Explain that people talking over each other will be problematic for the recording so ask that they please refrain from doing so. Don’t be afraid to remind them of this as when people get passionate, excited or angry they will talk over each other!
Before going any further get everyone in the group to introduce themselves. Ask them to say specific things so that you get more than a name. For example, ‘Hello, can you tell me your name, where you live, your job, who else lives with you and your favourite food’. This would be appropriate for market research. For a group of scientists you might say ‘can you say your name, just for the purposes of the tape, where you work and a sentence or two about your current research’. The point is that the transcriptionist has a chance to ‘learn’ the different voices.
It’s hard to strike the perfect balance between getting all the information and letting a true discussion develop. If the purpose of the group is to develop a discussion e.g. a group of company directors discussing government policy or a group of scientists giving opinions on your company’s latest product, then you won’t want to be continuously interjecting to remind them not to talk over each other, but if your primary reason for using a focus group rather than one-to-one interviews is financial e.g. market research, then the primary goal is probably to get opinions from as many people as possible and an in-depth discussion is not really the aim. In this case you can be firmer with moderating the group. You could, for instance, ask them to say their name every time they speak e.g. ‘Mike. I think it tastes like sawdust actually’. ‘Hi, I’m Lisa. I think it’s a cross between a digestive biscuit and sandpaper.’ ‘Mike again. Yeah, sandpaper’s a good description.’ The transcript would then be produced as follows:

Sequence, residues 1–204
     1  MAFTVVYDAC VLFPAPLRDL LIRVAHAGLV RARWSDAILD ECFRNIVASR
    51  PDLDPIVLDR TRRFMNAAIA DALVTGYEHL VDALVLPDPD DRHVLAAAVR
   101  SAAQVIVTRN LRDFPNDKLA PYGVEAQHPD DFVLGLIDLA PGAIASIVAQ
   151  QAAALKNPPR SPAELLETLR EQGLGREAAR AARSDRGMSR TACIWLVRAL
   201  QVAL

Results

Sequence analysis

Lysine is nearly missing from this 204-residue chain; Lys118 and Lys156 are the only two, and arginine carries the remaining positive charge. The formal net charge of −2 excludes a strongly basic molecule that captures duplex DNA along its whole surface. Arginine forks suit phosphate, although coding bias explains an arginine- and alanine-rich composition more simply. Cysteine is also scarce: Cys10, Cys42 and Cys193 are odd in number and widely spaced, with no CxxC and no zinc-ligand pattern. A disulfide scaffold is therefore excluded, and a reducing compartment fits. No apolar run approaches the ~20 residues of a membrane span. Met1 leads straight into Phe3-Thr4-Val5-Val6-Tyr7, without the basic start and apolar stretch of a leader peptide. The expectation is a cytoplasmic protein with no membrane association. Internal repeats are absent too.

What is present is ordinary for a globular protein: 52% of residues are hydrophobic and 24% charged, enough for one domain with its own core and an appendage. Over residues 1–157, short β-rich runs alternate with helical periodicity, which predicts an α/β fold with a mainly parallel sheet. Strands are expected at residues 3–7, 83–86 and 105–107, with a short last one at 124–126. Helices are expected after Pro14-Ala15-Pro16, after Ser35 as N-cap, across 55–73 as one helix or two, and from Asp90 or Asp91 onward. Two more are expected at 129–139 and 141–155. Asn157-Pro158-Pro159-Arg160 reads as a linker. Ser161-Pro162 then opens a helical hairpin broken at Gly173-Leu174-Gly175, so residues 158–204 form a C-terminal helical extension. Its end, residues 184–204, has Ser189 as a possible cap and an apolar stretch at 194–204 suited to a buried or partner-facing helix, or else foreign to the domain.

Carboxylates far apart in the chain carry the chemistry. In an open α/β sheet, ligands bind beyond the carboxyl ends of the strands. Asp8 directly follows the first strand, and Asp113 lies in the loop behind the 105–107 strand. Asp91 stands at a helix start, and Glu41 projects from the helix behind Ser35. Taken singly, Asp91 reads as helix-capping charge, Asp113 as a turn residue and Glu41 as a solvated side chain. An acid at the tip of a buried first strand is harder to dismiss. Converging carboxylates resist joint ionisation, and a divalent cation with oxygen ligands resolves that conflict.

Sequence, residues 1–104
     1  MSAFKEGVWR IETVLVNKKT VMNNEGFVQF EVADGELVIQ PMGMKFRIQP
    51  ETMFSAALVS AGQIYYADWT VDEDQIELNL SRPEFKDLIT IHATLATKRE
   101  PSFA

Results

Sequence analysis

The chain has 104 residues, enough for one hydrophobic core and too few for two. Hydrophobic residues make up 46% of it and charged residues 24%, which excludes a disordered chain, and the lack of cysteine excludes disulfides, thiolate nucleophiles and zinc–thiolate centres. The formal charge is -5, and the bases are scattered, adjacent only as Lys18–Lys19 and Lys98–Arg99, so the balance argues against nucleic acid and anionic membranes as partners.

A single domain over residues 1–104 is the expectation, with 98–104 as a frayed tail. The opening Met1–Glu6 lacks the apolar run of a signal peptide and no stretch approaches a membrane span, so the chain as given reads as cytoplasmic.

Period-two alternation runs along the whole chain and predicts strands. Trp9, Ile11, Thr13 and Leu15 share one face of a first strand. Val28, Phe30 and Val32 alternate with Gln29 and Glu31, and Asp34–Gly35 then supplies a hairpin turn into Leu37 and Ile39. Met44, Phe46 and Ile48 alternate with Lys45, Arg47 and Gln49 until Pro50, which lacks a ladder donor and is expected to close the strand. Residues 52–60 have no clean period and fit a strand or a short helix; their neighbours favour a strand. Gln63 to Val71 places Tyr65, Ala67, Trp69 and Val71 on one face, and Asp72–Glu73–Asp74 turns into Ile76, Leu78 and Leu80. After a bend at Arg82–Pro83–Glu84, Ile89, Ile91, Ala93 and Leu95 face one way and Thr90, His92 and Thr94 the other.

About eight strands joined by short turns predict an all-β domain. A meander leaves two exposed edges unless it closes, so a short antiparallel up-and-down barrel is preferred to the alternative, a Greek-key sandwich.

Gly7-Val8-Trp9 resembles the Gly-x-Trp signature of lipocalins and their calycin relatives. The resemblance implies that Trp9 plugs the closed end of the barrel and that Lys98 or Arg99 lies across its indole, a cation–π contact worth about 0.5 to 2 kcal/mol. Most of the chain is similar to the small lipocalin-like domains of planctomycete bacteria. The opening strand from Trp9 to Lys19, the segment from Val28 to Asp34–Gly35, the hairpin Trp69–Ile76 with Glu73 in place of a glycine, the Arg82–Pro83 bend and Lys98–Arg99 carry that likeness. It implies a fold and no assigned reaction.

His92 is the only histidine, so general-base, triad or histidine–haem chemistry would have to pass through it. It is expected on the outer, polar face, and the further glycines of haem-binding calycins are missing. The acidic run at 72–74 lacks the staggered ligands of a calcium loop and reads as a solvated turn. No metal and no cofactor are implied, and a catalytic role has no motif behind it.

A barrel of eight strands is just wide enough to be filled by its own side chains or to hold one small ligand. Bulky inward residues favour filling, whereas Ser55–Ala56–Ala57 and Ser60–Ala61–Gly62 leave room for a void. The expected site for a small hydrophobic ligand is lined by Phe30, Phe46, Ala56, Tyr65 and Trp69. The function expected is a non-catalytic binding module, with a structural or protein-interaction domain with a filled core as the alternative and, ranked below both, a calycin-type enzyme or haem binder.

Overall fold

Mike: I think it tastes like sawdust actually Lisa: I think it’s a cross between a digestive biscuit and sandpaper. Mike: Yeah, sandpaper’s a good description.
If it’s important to stick to a discussion plan the don’t be afraid to gently reign people in if they go off track e.g. ‘That’s a very interesting point Mike, but what we’re really discussing here is the price. Of course taste is extremely important and we’ll certainly be discussing it later on. For now though, what do you think of the price?’
After the group – preparing for transcription
Make a list of all the names (with correct spellings) and genders, and other relevant info e.g. Dr Sandy Shaw, Blogs Hospital NHS Trust, Qualified 10 years – Female. Give this list to the transcriber along with the names of the moderator and anyone else who is present and makes any comment e.g. someone who’s helped to organise the group or is participating in the research.
Make sure you tell your transcriptionist exactly what you want e.g. you almost certainly won’t need a ‘verbatim’ transcription including every ‘um’ or ‘er’ and every repeated word. If you do need this it will probably be more expensive. Don’t be confused into thinking that it won’t be an accurate transcript if it’s not verbatim. ‘Intelligent verbatim’ is exactly what’s said, but leaving out all the ‘speech fillers’, hesitations etc. and this is probably more practical in these situations. Sometimes you might want the answers edited to tidy up the grammar, and sometimes for market research you might want each comment categorised into a table to make the results more quantitative. Each of these ways of transcribing will be differently priced and some transcriptionists will have more experience in market research categorisation, so think carefully about what you need and make sure you find the appropriate person to carry out the work for you.